The opening song from “Love Is Dead” with its driving beat should be played at every MTX concert, heck, at every concert, right? Yes, I was tempted to fill the top ten exclusively with songs from “Love Is Dead”. Well, too late now. Speaking of too late: It was 26 years ago today that MTX played in Stuttgart for the first time – at the (big, big) Schleyerhalle (!) opening for Green Day. I’m only aware of one setlist from that tour – generalising from it, it might just be that “Sackcloth and Ashes” was the first song MTX ever played in Stuttgart. Ok, I don’t know if the band played here during an earlier tour, e.g., in 1992. I sort of regret that I wasn’t there in 1996 (three years before my actual first encounter with an MTX song). Anyway, “Sackcloth and Ashes” – I love it!

  1. Love Is Dead

That one was part of the 2001 gig in Stuttgart – I was singing along right there, right then. Even before I was aware of lines like “Emotional vertigo was never supposed to happen this time, but if she ever were to go back to me, there’s nowhere I wouldn’t climb”.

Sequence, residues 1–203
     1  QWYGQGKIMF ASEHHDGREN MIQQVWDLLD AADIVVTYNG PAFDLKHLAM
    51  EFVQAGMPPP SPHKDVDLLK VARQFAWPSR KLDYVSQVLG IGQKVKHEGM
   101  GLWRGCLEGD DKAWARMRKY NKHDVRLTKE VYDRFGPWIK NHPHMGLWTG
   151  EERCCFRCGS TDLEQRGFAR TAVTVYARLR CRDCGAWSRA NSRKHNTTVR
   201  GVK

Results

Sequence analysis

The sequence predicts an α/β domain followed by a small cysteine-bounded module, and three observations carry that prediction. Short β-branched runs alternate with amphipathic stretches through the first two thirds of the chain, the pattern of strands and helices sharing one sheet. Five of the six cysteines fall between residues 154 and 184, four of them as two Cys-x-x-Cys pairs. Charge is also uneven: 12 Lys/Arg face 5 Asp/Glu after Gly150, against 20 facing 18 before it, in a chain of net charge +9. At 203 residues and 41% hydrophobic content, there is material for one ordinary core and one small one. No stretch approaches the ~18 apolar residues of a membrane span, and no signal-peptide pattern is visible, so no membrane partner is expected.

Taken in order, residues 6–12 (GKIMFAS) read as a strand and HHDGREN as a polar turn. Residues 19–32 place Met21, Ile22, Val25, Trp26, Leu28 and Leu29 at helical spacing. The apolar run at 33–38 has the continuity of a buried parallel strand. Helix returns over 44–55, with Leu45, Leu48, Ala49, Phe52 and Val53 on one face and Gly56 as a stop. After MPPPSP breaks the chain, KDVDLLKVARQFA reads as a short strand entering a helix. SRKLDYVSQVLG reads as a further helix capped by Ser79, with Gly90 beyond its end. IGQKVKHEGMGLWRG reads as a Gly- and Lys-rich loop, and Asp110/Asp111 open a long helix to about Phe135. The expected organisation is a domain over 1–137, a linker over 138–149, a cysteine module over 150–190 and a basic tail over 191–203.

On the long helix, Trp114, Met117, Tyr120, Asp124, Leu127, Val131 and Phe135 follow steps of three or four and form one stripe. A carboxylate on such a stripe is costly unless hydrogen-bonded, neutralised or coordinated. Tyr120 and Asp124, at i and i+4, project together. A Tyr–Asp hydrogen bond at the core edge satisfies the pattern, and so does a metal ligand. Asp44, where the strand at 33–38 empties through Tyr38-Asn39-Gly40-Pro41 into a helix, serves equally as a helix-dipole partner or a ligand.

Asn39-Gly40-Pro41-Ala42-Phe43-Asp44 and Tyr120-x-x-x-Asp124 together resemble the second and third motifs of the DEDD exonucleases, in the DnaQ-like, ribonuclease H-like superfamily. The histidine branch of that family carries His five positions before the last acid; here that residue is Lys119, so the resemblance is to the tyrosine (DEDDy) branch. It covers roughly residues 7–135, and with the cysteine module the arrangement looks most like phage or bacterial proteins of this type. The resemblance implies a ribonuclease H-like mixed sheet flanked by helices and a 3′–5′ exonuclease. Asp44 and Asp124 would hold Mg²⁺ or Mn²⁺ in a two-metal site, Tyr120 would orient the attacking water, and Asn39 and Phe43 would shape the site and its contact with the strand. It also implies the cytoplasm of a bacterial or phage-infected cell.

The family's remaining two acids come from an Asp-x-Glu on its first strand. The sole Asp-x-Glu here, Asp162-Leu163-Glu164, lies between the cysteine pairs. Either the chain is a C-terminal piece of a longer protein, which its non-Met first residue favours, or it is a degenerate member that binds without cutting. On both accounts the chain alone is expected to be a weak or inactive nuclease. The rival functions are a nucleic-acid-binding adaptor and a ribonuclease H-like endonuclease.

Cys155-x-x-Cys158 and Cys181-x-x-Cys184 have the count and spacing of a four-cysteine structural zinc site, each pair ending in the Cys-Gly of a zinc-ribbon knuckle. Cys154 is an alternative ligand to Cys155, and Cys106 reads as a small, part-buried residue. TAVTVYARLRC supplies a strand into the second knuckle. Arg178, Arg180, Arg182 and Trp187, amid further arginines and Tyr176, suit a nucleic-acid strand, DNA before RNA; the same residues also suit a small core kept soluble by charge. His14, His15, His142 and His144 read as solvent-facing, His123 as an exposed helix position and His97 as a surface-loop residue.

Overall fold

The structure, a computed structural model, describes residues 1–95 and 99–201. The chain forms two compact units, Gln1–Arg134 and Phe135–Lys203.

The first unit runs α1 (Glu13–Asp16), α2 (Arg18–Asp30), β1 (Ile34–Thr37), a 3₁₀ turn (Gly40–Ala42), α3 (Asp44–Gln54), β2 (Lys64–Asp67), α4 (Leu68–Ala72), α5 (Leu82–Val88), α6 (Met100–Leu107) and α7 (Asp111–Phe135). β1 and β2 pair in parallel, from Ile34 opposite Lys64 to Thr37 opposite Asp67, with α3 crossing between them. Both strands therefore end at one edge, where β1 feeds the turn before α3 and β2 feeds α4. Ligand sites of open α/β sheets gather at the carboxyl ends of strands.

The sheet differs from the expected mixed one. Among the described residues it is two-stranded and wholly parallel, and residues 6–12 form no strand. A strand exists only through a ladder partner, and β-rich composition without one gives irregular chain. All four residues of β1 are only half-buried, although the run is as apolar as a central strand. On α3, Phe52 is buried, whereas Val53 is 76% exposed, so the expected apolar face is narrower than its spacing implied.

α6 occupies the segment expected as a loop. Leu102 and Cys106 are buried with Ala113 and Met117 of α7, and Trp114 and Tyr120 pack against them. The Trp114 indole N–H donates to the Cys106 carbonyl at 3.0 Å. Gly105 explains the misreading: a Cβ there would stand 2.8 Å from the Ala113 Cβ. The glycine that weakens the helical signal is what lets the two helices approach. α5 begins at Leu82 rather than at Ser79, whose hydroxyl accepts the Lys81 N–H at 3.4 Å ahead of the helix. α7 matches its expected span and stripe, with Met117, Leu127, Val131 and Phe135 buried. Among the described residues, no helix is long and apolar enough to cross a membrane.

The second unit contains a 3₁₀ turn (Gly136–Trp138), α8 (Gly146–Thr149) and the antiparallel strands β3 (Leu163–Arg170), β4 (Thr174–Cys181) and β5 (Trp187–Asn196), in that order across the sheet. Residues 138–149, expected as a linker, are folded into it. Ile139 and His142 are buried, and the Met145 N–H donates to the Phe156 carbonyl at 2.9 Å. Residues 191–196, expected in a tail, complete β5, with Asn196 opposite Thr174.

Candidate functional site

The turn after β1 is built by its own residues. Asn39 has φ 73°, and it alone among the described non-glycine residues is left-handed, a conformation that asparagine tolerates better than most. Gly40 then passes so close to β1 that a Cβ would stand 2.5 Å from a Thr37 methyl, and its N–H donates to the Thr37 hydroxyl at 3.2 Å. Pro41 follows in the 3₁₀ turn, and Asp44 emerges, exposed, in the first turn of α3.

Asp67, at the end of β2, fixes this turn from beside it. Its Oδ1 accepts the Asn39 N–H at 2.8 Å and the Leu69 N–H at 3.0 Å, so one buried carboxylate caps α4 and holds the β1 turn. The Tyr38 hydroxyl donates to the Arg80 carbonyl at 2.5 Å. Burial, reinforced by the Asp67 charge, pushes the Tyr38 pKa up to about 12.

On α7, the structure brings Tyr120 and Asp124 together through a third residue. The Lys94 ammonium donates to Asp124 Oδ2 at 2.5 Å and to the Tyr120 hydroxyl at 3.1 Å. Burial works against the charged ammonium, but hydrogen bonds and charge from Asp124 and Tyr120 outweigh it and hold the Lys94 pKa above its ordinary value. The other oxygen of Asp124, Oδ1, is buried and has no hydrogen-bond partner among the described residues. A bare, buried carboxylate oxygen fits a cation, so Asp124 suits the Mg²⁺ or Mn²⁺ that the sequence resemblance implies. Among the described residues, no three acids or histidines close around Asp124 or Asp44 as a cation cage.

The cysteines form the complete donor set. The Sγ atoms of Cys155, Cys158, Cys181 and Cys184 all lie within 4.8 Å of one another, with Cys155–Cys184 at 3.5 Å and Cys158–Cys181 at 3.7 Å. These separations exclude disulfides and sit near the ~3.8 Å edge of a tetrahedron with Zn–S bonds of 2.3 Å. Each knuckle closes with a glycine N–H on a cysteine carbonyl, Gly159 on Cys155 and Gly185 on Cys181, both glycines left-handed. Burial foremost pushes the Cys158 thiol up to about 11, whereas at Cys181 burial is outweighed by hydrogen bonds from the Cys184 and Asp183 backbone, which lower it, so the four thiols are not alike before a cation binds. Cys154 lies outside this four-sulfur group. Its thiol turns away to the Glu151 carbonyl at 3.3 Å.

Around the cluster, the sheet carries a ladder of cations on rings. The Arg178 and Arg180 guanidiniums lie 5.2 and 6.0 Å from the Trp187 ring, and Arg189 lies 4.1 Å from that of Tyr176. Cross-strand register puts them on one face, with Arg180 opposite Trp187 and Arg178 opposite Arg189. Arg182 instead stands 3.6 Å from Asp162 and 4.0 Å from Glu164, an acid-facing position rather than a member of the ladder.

1. We Are the Future People of Tomorrow

The opening drum beat sets the mood, the ultra-catchy chorus delivers the goods – not a famous MTX song by any standard. Still, I adore the three chord chorus and the title and everything about it.

  1. Our Love Will Last Forever and Ever

The animated video made this one even better. Lots of words, great melody, love, love, love. Man, it’s hard to write anything meaningful when I feel like such a fanboy.

  1. New Girlfriend

Three chords, one topic, less than two minutes, and, by the way, an amazing live track. Not that I’ve experienced it live, but even the live clips on YouTube are really great.

  1. Swiss Army Girlfriend